In connection with the different ignition methods referred to in the preceding paper, it may not be amiss to mention that in the case of engines using either flame or tube igniters the consumption of gas by the igniting or heating burners is an item not always duly taken into account, and may assume appreciable proportions. Where gasoline or some other oil is used in such engines instead of gas, and where the latter is not to be had, the gas flame must, of course, except in a few engines of special design, be supplanted by an oil torch, and the same additional fuel consumption, above that taking place in the cylinder of the engine itself, is there encountered, the torch, moreover, being a rather undesirable annex to the whole outfit. These circumstances have, in a great measure, helped to stimulate the improving of electric igniting devices, and several of them are now affording very satisfactory accounts of themselves. This much may already have been gathered from what has gone before. With the electric igniter there is, of course, to be considered the expense of the battery which furnishes the electric current, but this has been claimed, and with good reason, to be a very small proportion of the whole operating expense,—a much smaller one, in fact, than that represented by the gas or oil cost in a flame or tube igniter. It would seem to be a pretty fair conclusion, under the circumstances, that electric igniters are destined to a yet wider application and a growing share of favor.
Not less important than the methods of igniting are those of governing, and considerable ingenuity has been expended for years past in developing various contrivances designed to satisfactorily solve the gas engine governor gear problem. At first thought, some sort of throttling gear by which the gas or oil vapor supply to the cylinder is gradually reduced as the speed increases, and vice versa, is apt to suggest itself as a desirable one, and, as a matter of fact, many gears of this kind have been made and are used, both Lenoir and Hugon having followed this method of governing in their early engines. Its wastefulness, however, becomes apparent on even slight consideration, so that one may well wonder that at this late day the throttling governor is still countenanced in gas engine practice. It is obvious that if, with such a governor, the volume of gas or oil vapor admitted to an engine cylinder is diminished, the volume of air admitted is correspondingly increased, and' it is well known, too, that the limits of variation permissible in explosive mixtures of gas and air are comparatively narrow, so that if, in a total volume of mixture, the volume of gas either exceeds or falls short of a certain, elastic proportion, no explosion can be produced. While, therefore, a gas throttling governor may either increase or diminish the force of the explosions in the engine cylinder by varying the strength of the gas and air mixture between these limits, yet if one of the limits be passed, and the gas volume, for instance, be too greatly diminished, ignition of the mixture will be missed and whatever gas has been taken into the cylinder will then be discharged into the exhaust pipe unburned and without having given up any of its energy. Under these circumstances the engine will work exactly as though no gas whatever had been admitted, and the speed will cease to increase, gas being simply pumped through the cylinder and wasted until its proportion is again increased, by the subsequent opening of the gas valve to that point where the mixture once more becomes explosive.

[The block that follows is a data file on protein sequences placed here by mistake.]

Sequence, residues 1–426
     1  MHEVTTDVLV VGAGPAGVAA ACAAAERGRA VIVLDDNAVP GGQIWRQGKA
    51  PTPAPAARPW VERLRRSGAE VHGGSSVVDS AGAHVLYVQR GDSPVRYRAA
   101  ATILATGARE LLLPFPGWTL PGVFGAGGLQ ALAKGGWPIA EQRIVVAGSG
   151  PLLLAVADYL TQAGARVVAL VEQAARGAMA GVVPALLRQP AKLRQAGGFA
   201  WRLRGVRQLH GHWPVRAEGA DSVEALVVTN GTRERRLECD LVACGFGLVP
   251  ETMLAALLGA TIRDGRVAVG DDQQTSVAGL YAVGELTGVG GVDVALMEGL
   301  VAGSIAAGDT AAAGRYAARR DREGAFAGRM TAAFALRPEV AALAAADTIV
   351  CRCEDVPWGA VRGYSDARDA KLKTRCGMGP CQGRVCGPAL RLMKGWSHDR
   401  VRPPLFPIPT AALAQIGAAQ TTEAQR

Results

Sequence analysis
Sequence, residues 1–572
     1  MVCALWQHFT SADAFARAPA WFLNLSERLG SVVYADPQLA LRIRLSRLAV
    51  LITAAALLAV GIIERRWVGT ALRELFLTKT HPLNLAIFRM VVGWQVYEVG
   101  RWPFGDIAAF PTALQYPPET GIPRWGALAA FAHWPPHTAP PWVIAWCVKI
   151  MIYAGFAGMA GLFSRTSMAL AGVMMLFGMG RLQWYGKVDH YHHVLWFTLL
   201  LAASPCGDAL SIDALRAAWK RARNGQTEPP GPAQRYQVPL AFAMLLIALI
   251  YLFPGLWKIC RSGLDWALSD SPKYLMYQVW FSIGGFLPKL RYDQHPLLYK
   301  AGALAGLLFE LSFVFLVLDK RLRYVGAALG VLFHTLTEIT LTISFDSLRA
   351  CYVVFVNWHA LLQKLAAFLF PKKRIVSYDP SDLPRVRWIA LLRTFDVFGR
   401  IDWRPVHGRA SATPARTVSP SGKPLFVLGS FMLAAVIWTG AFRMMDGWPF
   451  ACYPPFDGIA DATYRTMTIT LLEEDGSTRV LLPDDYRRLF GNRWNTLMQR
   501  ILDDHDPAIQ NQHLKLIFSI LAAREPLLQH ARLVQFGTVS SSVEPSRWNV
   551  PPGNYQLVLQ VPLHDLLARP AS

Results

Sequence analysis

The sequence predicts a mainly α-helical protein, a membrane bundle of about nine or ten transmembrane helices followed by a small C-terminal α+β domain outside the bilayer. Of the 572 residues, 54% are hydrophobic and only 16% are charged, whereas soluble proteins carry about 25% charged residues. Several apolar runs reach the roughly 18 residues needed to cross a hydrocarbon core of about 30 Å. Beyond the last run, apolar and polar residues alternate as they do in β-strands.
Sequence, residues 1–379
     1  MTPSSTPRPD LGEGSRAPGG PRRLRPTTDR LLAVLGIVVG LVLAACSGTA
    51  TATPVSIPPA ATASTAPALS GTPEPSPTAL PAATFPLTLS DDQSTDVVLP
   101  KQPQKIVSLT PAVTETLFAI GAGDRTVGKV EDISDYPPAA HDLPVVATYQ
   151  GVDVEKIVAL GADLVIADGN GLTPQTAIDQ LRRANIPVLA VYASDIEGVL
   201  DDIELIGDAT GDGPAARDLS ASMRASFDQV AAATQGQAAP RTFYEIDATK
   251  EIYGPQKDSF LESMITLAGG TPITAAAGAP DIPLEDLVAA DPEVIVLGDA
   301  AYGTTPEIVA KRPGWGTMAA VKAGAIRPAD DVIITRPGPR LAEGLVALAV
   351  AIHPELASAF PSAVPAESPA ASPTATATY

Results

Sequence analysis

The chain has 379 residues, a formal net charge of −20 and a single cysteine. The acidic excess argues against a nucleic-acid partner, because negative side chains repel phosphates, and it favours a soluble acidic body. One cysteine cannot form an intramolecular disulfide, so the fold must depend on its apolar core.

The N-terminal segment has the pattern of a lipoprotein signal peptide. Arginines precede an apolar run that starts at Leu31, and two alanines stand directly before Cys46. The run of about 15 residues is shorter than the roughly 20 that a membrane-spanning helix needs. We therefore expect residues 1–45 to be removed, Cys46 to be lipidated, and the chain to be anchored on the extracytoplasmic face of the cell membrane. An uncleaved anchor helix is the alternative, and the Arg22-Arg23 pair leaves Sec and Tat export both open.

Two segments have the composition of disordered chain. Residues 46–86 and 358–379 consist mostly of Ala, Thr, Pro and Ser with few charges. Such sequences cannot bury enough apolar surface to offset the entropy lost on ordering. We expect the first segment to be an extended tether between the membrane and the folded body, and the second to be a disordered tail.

No better evidence is needed of the fact that the wastefulness of the throttling governor method has met with a fair share of recognition, than the extended application which for years has been given to what have been termed "hit - and - miss '' governors. With these the strength of the explosive gas and air mixture is never changed, but the number of explosions in the engine cylinder in a given time is varied to suit the prevailing requirements, being increased when the speed falls below, and decreased when it rises above a certain normal / or putting it in a slightly different way, when the speed falls off, the governing device hits the stem of the gas supply valve, causing the latter to open and admit gas into the cylinder, while when the speed becomes too high, the governor by changing its position, misses the gas valve stem, the valve consequently remains closed and no working charge reaches the cylinder.